1. Inhalt
  2. Navigation
  3. Weitere Inhalte
  4. Metanavigation
  5. Suche
  6. Choose from 30 Languages

Religion

Ecumenism one focus of Orthodox patriarch's visit

The leader of the Orthodox Church, the Ecumenical Patriarch Bartholomew I of Constantinople, is officially in Germany for a ten-day pastoral visit. However, political dimensions of his trip are evident.

Patriarch Bartholomew I, who has been the leader of Orthodox Christians since 1991, has earned a reputation for being reform-minded. Just a few weeks ago, he was able to win over 11 national Orthodox churches for a pan-Orthodox council in 2016 - the first of its kind since the East-West Schism in 1054.

The intent of the 2016 meeting will be to strengthen Orthodox unity and discuss the future of the church. That goal could come into play during the patriarch's visit in Germany, when he meets with representatives of Orthodox branches that do not have Greek roots. It's possible that meeting with the members of Germany's association of Orthodox bishops could serve as a kind of test case for the broader congress in two years.

Recognition from the ecumenical movement

The Esslingen Greek-Orthodox Church. (Photo: Copyright: Griechisch-Orthodoxe Kirche Maria Verkündigung Esslingen, 2013)

The Patriarch will visit the Greek Orthodox Church in Esslingen

Might the Orthodox Church's planned synod have a positive impact on dialogue with Catholics and Protestants? Bartholomew I has shown a pro-ecumenical approach since assuming the role of patriarch, and that is reflected in the list of visits he will make in Germany. In Bonn, he will meet for discussions with the German Bishops' Conference, whose chairman, Reinhard Marx, will also receive the visiting patriarch twice in his function as archbishop of Munich and Freising in the Bavarian capital.

The Faculty of Catholic Theology at Munich's Ludwig Maximilian University, where the patriarch once studied, will award him an honorary doctorate. That could signal appreciation on behalf of Catholics for the Orthodox leader's work in favor of ecumenicism. Together with Pope Benedict XVI, Patriarch Bartholomew I pursued unification talks after centuries of silence between the two churches.

In March 2013, Bartholomew also became the first of his church's patriarchs to travel to Rome for the Roman Catholic papal inauguration since the division of the two churches 959 years prior. At the end of May, the patriarch will once again meet Pope Francis for discussions during the latter's trip to the Holy Land.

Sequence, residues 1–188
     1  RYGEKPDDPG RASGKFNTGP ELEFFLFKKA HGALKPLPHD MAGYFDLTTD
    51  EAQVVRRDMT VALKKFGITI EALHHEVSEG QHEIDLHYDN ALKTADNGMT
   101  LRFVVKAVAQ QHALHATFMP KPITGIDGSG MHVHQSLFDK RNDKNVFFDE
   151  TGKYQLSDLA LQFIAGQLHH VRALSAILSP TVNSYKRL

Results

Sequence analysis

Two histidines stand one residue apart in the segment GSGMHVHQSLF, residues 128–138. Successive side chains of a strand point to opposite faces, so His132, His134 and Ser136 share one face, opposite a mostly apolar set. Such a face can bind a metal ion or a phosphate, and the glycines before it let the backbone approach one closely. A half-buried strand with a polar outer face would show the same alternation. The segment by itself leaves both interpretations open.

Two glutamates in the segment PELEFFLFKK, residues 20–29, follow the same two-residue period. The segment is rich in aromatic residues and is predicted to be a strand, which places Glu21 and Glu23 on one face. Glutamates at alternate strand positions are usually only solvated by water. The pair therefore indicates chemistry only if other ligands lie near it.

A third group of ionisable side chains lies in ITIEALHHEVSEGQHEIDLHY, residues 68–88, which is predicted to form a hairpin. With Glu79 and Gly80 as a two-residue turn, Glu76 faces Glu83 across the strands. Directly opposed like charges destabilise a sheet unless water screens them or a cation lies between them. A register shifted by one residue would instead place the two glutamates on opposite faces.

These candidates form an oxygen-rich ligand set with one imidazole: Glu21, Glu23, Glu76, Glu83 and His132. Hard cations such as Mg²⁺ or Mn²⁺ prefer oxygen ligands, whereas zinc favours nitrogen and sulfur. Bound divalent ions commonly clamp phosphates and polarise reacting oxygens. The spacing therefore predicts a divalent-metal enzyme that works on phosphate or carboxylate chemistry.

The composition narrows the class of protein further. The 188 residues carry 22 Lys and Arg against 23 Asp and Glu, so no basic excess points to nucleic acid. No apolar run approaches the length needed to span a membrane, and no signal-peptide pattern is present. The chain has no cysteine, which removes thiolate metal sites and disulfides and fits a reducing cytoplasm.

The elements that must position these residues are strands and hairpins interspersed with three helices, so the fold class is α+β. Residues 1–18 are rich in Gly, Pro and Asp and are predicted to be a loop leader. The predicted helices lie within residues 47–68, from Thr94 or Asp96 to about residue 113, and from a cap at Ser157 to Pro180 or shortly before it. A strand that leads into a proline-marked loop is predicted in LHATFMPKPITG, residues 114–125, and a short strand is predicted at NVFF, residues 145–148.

The 270th successor to Andrew the Apostle can also look forward to similar tributes when meeting with Protestant church leaders. His agenda includes encounters with various heads of churches at the state level in Germany and with Nikolaus Schneider, the chair of the Council of the Evangelical Church in Germany (EKD), as well as a public speech in the Berlin Cathedral.

Patriarch Bartholomew I and Pope Francis. (Photo: Ravagli/Infophoto)

Pope Francis and the patriarch have reached out to one another

The Evangelical Academy Tutzing will honor the patriarch with its Lion of Tutzing award on May 17 for Bartholomew's engagement on behalf of "worldwide ecumenicism," representatives of the Protestant think tank said.

Meeting leading politicians

The head of the Orthodox Church will meet for separate conversations with the head of the German parliament, the German president and with Chancellor Angela Merkel - an honor that very few guests receive. They will have plenty of topics on the agenda, such as Christians being driven out of the Middle East and Northern Africa, the situation facing Christians and Christian refugees in light of the Syrian civil war as well as the conflict between Ukrainians and Russians, in which members of Orthodox churches are fighting against one another.

In the patriarch's Easter address, he wrote, "In our times, the drums of death and darkness beat frantically."

Turkish repression

Angela Merkel and Patriarch Bartholomew I in Turkey, in 2004. (Photo: AP Photo/Osman Orsal)

Merkel met the patriarch in Turkey in 2004

The Patriarch of Constantinople has his seat in Istanbul, but the relationship between his church, officially known as the Ecumenical Patriarchate of Constantinople, and the Turkish state is deeply strained. The few thousand remaining Orthodox Christians in Turkey face discrimination and repression.

In 1971, the Turkish government at the time closed an Orthodox seminary at Halki, an organization essential to the patriarchate's continued existence. Since priests could no longer be trained there, believers and the church as a whole eventually lack the leaders they need. Patriarch Bartholomew has fought for the seminary's reopening - so far without success.

It's possible that he will discuss this and other issues of state repression with Turkey's ambassador to Germany, who is also among the many to receive the Orthodox Church's highest dignitary.

DW recommends